Using images captured at a variety of wavelengths by the European Space Agency's Mars Express Orbiter, Riding with Robots creator Bill Dunford has crafted a composite image of the Red Planet's south polar cap that'll make you stop and stare.
Over at Bad Astronomy, Phil Plait describes some of what it is we're looking at in this multicolored, ethereal, almost creamy-looking view of Mars Australis:
Where you see white is a vast region of permanently frozen water ice, many kilometers thick, covered in winter by a few-meter-deep veneer of frozen carbon dioxide, commonly called dry ice. In the Martian summer, the temperature at the pole gets high enough to turn the dry ice into a gas, but the water ice stays frozen. Not all the dry ice disappears, but even in winter the underlying water ice cap is far thicker than the dry ice above it.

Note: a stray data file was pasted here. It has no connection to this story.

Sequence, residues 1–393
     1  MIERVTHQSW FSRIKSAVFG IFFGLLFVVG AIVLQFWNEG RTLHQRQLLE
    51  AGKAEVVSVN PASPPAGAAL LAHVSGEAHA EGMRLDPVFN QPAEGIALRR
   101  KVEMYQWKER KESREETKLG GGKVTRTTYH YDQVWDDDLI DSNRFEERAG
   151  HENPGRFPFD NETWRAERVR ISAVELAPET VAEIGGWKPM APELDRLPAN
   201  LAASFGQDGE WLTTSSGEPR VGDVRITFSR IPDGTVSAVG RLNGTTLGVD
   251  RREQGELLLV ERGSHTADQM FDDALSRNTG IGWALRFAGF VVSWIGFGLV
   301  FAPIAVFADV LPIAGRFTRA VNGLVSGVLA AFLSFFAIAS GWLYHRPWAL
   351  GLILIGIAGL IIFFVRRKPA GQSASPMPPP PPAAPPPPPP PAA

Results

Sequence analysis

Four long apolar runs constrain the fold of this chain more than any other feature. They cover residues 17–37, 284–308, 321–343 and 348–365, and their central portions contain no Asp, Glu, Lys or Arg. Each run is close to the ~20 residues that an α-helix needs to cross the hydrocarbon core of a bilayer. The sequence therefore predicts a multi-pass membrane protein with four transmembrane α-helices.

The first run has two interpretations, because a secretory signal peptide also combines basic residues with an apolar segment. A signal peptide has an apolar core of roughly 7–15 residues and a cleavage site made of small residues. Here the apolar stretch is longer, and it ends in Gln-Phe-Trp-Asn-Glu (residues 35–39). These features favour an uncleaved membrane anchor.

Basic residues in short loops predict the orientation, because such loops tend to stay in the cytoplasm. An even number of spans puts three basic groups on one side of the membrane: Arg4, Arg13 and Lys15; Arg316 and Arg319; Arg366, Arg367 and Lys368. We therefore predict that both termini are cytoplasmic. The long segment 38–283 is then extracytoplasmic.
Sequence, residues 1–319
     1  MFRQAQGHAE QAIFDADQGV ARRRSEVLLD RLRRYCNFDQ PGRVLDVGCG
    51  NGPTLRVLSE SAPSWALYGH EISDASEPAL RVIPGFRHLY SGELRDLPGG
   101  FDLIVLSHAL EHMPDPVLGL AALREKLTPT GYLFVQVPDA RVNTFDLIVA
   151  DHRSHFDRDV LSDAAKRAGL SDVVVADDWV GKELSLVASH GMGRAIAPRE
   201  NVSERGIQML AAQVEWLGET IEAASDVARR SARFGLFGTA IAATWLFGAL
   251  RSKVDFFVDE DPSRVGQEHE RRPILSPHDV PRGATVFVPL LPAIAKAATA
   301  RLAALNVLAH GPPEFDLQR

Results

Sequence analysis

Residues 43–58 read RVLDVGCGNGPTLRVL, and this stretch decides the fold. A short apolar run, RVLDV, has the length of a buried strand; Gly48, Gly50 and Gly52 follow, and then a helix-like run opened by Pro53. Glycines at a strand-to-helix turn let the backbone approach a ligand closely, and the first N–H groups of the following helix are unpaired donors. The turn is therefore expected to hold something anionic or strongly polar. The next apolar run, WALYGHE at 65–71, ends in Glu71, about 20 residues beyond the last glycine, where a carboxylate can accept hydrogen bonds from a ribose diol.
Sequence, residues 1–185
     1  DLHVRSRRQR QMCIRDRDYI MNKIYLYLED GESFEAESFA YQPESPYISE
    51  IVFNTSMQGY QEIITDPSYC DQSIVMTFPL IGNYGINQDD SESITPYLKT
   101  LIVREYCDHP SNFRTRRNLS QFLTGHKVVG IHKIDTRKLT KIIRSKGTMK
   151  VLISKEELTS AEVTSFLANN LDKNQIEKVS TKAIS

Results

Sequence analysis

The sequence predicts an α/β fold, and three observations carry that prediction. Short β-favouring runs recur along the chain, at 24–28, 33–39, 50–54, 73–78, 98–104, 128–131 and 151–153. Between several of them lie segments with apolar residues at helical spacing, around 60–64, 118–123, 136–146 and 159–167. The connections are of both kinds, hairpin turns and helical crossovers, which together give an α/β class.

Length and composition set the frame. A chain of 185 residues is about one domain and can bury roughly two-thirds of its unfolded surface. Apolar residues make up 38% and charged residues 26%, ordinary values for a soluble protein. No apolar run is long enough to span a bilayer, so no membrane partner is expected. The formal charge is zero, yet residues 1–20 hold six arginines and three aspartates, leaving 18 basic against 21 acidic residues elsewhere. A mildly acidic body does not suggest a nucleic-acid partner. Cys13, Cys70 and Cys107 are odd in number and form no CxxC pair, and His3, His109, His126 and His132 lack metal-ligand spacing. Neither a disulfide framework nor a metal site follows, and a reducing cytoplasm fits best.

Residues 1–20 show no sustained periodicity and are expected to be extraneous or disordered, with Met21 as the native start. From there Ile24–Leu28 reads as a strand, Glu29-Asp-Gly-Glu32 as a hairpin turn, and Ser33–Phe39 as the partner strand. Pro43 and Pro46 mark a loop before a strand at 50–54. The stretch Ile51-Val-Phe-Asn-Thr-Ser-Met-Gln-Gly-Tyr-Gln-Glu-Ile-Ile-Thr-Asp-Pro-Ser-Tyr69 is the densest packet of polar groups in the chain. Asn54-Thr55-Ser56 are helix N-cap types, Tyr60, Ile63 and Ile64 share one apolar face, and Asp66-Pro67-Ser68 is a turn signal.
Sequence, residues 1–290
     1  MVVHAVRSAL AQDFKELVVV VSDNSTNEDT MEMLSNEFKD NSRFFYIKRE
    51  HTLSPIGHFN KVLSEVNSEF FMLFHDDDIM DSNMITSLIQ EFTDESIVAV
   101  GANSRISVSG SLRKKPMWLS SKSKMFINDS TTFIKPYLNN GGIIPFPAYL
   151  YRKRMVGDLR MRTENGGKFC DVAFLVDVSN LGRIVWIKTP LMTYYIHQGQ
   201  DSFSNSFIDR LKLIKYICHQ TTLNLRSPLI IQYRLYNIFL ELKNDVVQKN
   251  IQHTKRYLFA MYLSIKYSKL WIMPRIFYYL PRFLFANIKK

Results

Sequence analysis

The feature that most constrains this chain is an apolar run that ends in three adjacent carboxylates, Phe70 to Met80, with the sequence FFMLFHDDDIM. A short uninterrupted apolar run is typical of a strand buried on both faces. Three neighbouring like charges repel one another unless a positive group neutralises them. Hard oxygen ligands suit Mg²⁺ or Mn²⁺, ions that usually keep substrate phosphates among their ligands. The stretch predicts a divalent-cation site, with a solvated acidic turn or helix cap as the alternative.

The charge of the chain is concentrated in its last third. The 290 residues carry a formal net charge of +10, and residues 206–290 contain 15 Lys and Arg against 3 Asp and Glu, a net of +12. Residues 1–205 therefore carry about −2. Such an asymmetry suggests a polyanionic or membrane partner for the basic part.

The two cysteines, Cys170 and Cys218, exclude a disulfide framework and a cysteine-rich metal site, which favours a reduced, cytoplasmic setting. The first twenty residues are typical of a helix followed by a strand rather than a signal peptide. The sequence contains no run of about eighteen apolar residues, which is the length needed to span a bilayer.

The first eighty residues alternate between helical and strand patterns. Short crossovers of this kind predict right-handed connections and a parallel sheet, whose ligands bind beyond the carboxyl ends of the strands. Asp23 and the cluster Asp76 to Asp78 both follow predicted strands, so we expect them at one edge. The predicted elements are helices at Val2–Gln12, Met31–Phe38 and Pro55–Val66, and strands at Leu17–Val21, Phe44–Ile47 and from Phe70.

And that frozen carbon dioxide (which is rather mysterious in and of itself) gives rise to some interesting seasonal geophysical phenomena as it warms, for example: sublimating from solid to gas in a way that can leave explosive splotch-marks on the planet's surface.